To Industry!

Bursting forth from the industrial revolution like Athena out of the head of Zeus (and both producing headaches for their progenitors), the proletariat is an undefinable group, and was even more so two hundred years ago when the concept of “factory workers” was new and Marxian theory had yet to be invented. People were once sharecroppers, growing their own food and buying their items from local craftsmen; now, they were assembly line workers, sewing together pieces of garments as their previous self-definitions unraveled, while the flourishing bourgeoisie lorded over them with what I always imagined to be accents like this: http://www.youtube.com/watch?v=zOt62cT2teY

And while the fat cats toasted “to industry!” the proletariat suffered.

People like Mary Shelley, while not a factory worker herself, were acutely aware of the societal changes and class stratification that was occurring. While Shelley may not have written Frankenstein as an overtly Marxist text, the historical and socioeconomic milieu of the time still finds it’s way into the text. No one writes in a vacuum; surrounded by revolution, class turmoil, and the industrial revolution, her work was informed by this, and Warren Montag’s Marxist interpretation of Shelley’s work brings these influences to light.

Montag concludes his essay by stating that the Creature is “not so much the sign of the proletariat as of its unrepresentability”, a sentiment that I agree with. The Creature is the inexplicable product of science, not Victor, just as the proletariat is the inexplicable product of industrialization. On page 391 of our text, Montag states that technological innovation will lead to “a new kind of servitude”. What he implies but doesn’t state is that a society governed by unbound scientific progress will stratify into an elite class of technocrats and a lower class of their workers. In the end, it is science that creates and enslaves the Creature, not Victor. Victor was merely a vessel for what would inevitably happen. My mind immediately jumped to the burgeoning technology industry of today — programmers, marketers, and math whizzes making billions of dollars in Silicon Valley through their scientific expertise. They seem to be enlightened, but they too subject workers in Chinese manufacturing plants to horrid conditions just as British textile mill overseers subjected their workers to long hours with little pay. For all their knowledge, it has not given them reason. Workers are still enslaved, obscured by geographic and cultural barriers in the same sense that the Creature is obscured by Frankenstein’s telling of the story. This is reflected at the end of Frankenstein, as even after Victor’s death, the Creature is still his slave, being condemned to a life of solitude and death among the polar ice. In this way, a Marxist reading of Frankenstein gives the text new life, and makes it incredibly relevant to our time.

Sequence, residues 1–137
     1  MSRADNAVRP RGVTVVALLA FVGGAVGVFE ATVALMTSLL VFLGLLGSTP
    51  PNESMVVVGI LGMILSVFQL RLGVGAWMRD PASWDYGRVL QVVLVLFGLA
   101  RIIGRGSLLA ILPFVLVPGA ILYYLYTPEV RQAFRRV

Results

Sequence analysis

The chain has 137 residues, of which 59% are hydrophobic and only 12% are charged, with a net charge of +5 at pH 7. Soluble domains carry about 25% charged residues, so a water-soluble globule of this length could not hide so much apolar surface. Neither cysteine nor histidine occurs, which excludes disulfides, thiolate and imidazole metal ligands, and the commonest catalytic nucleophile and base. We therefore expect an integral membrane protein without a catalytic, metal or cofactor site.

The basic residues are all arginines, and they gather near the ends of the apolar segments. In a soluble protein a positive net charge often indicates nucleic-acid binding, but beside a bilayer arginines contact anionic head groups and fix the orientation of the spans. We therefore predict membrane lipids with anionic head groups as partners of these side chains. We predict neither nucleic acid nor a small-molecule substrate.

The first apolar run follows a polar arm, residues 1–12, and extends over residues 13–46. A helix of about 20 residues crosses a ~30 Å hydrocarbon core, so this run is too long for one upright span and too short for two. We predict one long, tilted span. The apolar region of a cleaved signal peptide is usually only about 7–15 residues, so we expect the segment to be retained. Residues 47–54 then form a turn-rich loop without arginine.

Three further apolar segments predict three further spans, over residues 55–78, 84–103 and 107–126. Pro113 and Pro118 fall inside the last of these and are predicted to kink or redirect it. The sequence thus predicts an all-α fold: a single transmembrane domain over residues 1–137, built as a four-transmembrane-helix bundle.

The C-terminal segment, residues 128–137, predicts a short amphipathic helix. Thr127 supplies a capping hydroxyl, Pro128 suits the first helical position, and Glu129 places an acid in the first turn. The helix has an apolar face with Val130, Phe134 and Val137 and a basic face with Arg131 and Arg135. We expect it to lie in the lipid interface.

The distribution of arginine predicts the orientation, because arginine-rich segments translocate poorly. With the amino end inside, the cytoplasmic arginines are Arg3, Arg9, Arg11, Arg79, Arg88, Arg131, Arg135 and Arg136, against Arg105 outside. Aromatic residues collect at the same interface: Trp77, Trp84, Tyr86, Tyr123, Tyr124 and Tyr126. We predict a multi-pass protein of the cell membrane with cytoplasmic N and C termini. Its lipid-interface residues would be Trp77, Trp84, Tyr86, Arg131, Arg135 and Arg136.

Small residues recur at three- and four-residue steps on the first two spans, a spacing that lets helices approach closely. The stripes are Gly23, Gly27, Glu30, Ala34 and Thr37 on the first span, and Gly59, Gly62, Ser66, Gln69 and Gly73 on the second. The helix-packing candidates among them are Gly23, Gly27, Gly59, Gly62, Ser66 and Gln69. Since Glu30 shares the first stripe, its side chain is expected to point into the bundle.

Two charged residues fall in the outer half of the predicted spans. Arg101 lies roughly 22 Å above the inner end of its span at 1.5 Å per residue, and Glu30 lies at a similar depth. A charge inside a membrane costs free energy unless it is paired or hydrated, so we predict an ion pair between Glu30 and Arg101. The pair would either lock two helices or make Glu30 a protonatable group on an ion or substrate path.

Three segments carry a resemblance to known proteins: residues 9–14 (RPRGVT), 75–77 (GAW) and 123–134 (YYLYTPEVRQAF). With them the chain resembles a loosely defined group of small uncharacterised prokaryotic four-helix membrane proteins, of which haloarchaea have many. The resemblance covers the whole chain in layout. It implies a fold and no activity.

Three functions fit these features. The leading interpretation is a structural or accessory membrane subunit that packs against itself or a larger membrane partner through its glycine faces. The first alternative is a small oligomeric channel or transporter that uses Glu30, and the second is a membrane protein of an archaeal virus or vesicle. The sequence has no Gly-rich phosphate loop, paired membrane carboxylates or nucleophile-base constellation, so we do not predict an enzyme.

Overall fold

Montag’s reading of Frankenstein did hold my interest over those 10 pages. As with all good interpretations, it made me nod my head and go “huh, that’s cool.” I liked how Montag went deeper than simply “proletariat vs. middle class,” pinpointing science as the beginnings of the new social era. His reading made me think about other aspects of the book through this lens, and I developed an interpretation of a defining characteristic of the novel.

He referenced the creation of the monster and how that process is completely unexplained, and he offered a very good interpretation of the (at the time of the novel’s publication) emerging working class being the effects of science and technology. But I want to remove the science and history from the discussion and read this hiding through a Marxist worldview. The process of the creature’s creation is hidden. We never know exactly what Frankenstein does to give the creature life, not even a hint of the lightning and such that film versions have presumed. We just have a product and look at it with either horror or compassion. Through this decision to obscure the actual process, the  monster is an example of a fetishized commodity. The means of his production are obscured, so the creature becomes simply a commodity, pushed out into the world by the bourgeois Victor. His rejection of the creature shows that he cannot be the old workers of Marx’s model, as he would not reject something so close to himself if he was a symbol of that worker.

Admittedly, this reading does clash with my own sympathetic views towards the creature. With the Marxist interpretation that I have offered, the horror of the story is amplified. It becomes more of a story about the horror of commodities and guilt that the bourgeoisie, symbolized by Victor, should feel. This amateur attempt at a Marxist reading does seem to sap the pathos from the story, but it is a thrilling idea nevertheless. Montag’s is a more fleshed out interpretation, and probably one that holds to greater scrutiny, but I think this aspect of the novel is one of the more interesting details – one that deserves more attention from any critical perspective.